Johnson v. Hetzel

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Justia Opinion Summary

This appeal arose from a circuit court's dismissal of Brandon Johnson's action against Gary Hetzel, warden of the Donaldson Correctional Facility; Sean Carlton, a correctional officer trainee at the facility; and correctional officers Dennis Johnson and Joe Binder. Johnson was serving a life sentence without the possibility of parole following a conviction for murder. He was seen fighting with another inmate and placed under "house arrest" pending a disciplinary hearing. Johnson argued that the defendants "deliberately plac[ed] him in 'house arrest' two cells from [another inmate with whom he had the fight], and [that] the defendants were responsible for the protection of both inmates, but instead opened the door to both cells at which time [Johnson] and [the other inmate] got into another fight," in which, Johnson argued, he was injured. Johnson filed an affidavit of substantial hardship, requesting that the initial docket fee for his case be waived. Defendants filed a motion to dismiss the complaint or, in the alternative, for a summary judgment. The circuit court granted the defendants' motion and dismissed Johnson's complaint. Johnson has appealed the circuit court's judgment of dismissal, arguing, in pertinent part, that the circuit court never had jurisdiction over his case because he did not pay the necessary filing fee and the circuit court never approved either of the affidavits of substantial hardship he had filed. Upon review, the Supreme Court concluded that the filing of a court-approved verified statement of substantial hardship was not met in this case. Therefore, the circuit court did not have jurisdiction to enter its judgment dismissing Johnson's complaint. The Court ruled the circuit court's judgment void. "[B]ecause a void judgment will not support an appeal," the Court vacated the trial court's judgment and dismissed the appeal.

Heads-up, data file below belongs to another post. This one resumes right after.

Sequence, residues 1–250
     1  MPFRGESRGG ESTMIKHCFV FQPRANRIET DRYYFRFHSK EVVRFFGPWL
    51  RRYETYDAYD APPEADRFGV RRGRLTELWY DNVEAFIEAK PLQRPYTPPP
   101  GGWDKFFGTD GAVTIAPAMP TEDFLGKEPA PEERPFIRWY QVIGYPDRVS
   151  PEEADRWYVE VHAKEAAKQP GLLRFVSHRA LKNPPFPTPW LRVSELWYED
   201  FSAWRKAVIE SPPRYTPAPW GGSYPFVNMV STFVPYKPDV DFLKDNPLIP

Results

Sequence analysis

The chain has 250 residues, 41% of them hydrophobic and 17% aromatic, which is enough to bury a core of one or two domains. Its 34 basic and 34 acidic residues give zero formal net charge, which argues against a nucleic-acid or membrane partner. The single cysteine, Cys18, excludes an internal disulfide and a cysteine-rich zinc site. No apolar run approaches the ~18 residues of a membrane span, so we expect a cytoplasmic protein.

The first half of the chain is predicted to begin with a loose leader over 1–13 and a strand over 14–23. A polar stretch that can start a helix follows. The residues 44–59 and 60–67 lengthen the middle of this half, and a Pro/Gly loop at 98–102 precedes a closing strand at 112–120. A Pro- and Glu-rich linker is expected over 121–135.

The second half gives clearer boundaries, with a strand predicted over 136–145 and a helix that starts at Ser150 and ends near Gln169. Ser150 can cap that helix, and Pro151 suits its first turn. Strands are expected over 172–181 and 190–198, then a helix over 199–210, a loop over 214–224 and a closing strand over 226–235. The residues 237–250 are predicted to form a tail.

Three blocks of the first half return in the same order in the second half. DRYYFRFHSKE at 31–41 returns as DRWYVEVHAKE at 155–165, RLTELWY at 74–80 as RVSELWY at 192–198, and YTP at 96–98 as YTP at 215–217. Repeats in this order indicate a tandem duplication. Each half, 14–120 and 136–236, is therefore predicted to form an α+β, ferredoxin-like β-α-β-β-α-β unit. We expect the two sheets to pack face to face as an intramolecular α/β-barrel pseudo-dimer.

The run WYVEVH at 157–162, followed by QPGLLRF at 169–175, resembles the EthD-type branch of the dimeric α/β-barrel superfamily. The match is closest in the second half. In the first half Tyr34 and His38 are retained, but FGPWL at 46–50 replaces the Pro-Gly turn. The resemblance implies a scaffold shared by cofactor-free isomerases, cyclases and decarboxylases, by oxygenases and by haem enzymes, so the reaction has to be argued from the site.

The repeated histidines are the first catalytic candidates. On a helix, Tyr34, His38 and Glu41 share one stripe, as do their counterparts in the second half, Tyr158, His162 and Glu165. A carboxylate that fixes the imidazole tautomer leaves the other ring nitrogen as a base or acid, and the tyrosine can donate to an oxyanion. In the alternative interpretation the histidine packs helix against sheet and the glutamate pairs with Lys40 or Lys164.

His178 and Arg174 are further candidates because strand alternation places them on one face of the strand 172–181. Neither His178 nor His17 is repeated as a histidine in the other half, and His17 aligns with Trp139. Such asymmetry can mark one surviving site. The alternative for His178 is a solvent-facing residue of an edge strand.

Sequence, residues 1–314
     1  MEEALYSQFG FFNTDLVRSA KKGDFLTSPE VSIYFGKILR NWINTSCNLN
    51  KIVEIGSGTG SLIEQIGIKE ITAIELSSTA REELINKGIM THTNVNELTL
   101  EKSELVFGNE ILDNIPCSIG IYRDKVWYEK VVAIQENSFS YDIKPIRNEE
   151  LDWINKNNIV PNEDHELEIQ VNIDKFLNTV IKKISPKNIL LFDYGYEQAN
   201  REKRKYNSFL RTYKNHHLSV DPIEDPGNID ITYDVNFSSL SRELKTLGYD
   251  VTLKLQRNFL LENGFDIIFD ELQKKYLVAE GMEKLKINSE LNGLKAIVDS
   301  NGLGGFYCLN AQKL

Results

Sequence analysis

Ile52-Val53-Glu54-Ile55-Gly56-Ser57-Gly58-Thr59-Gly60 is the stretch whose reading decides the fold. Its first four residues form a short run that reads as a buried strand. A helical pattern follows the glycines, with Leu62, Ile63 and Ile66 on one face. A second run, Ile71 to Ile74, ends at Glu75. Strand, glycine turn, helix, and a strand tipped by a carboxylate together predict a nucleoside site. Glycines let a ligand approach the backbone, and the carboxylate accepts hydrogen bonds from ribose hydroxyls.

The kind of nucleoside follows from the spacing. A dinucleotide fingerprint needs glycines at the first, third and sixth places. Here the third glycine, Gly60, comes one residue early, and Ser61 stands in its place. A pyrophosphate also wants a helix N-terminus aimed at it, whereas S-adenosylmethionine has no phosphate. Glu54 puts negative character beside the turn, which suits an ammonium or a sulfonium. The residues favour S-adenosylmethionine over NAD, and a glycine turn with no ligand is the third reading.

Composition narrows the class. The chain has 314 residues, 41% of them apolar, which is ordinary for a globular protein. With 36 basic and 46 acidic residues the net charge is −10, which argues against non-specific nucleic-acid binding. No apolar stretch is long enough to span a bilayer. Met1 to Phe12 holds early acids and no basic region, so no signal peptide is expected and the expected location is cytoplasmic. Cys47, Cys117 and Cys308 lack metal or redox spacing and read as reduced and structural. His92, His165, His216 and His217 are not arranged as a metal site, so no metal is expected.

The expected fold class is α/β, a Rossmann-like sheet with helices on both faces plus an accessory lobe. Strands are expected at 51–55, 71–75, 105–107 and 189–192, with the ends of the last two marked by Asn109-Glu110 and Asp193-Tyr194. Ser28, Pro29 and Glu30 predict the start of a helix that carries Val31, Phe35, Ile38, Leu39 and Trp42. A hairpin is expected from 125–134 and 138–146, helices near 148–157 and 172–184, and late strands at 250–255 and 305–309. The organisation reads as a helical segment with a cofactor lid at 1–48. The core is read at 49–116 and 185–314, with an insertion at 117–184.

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REL: 08/10/2012 Notice: This opinion is subject to formal revision before publication in the advance sheets of Southern Reporter. Readers are requested to notify the Reporter of Decisions, Alabama Appellate Courts, 300 Dexter Avenue, Montgomery, Alabama 36104-3741 ((334) 2290649), of any typographical or other errors, in order that corrections may be made before the opinion is printed in Southern Reporter. SUPREME COURT OF ALABAMA SPECIAL TERM, 2012 ____________________ 1110754 ____________________ Brandon Johnson v. Gary Hetzel, warden of the Donaldson Correctional Facility, et al. Appeal from Montgomery Circuit Court (CV-11-615) WOODALL, Justice. This appeal arises from the Montgomery Circuit Court's dismissal of Brandon Johnson's action against Gary Hetzel, warden of the Donaldson Correctional Facility; Sean Carlton, a correctional officer trainee at the facility; and 1110754 correctional officers Dennis Johnson and Joe Binder (collectively "the defendants"). We hold that the circuit court's lack judgment is void for of subject-matter jurisdiction, and we dismiss the appeal. On April 29, 2011, Johnson, who is incarcerated at the Donaldson Correctional Facility serving a life sentence without the possibility of parole following a conviction for murder, was seen fighting with another inmate, Rodney Miller. On that same date, Johnson was placed under "house arrest" pending a disciplinary hearing. Johnson argues that the defendants "deliberately plac[ed] him in 'house arrest' two (2) cells from [Miller] who he had a fight with earlier that day, and [that] the defendants were responsible for the protection of both inmates, but instead opened the door to both cells at which time [Johnson] and [Miller] got into another fight," in which, Johnson argues, he was injured. Johnson's brief, at 8. On May 24, 2011, Johnson filed a complaint in the Montgomery Circuit Court against the defendants, alleging that the defendants had "deliberately placed him in a very dangerous situation" and that the circumstances of his house 2 1110754 arrest constituted a "clear violation of [his] right against cruel and unusual punishment as guaranteed pursuant to Article I, Section 15, of the Alabama Constitution of 1901, and the 8th and 14th Amendment[s] to the United States Constitution." Also on May 24, 2011, Johnson filed in the circuit court an affidavit of substantial hardship, requesting that the initial docket fee be waived. Johnson argues that the circuit court never approved his affidavit of substantial hardship. On November 16, 2011, the circuit court ordered a nonjury trial to be held on January 24, 2012. Johnson filed a second affidavit of substantial hardship in December 2011. On January 23, 2012, the defendants filed a motion to dismiss the complaint or, in the alternative, for a summary judgment. The circuit court granted the defendants' motion on January 24, 2012, and dismissed Johnson's complaint. Johnson has appealed the circuit court's judgment of dismissal, arguing, in pertinent part, that the circuit court never acquired jurisdiction over his case because he did not pay the necessary filing fee and the circuit court never approved either of the affidavits of substantial hardship he had filed. It is well established that "'[t]he payment of a 3 1110754 filing fee statement or of the filing substantial of a court-approved hardship is a verified jurisdictional prerequisite to the commencement of an action.'" Odom v. Odom, 89 So. 3d 121, 122 (Ala. Civ. App. 2011) (quoting Vann v. Cook, 989 So. 2d 556, 559 (Ala. Civ. App. 2008), citing in turn De-Gas, Inc. v. Midland Res., 470 So. 2d 1218, 1222 (Ala. 1985)). See also Ex parte Carter, 807 So. 2d 534, 536 (Ala. 2001) ("[T]he circuit court never had jurisdiction to consider Carter's Rule 32[, Ala. R. Crim. P.,] petition, because it did not collect a filing fee or approve Carter's affidavit of substantial hardship at the time the petition was filed."). The record in this case indicates that Johnson filed two affidavits of substantial hardship -- one in May 2011 and another in December 2011. However, nothing in the record indicates that the circuit court approved either of Johnson's affidavits or that Johnson ever paid the required filing fee. Indeed, the State is, in fact, silent on this issue. Thus, for all that appears, the jurisdictional prerequisite of the payment of the filing fee or the filing of a court-approved verified statement of substantial hardship was not met in this case. We must conclude, therefore, that 4 1110754 the circuit court did not have jurisdiction to enter its judgment dismissing Johnson's complaint; thus, that judgment is void. See Odom, supra. "[B]ecause a void judgment will not support an appeal, we vacate the trial court's judgment and dismiss the appeal." Hunt Transition & Inaugural Fund, Inc. v. Grenier, 782 So. 2d 270, 274 (Ala. 2000). 1 JUDGMENT VACATED; APPEAL DISMISSED. Malone, C.J., and Bolin, Murdock, and Main, JJ., concur. 1 Our decision that the circuit court did not have jurisdiction to enter its judgment pretermits consideration of Johnson's argument that the circuit court exceeded its discretion in dismissing his case before he had a chance to respond to the defendants' motion to dismiss. 5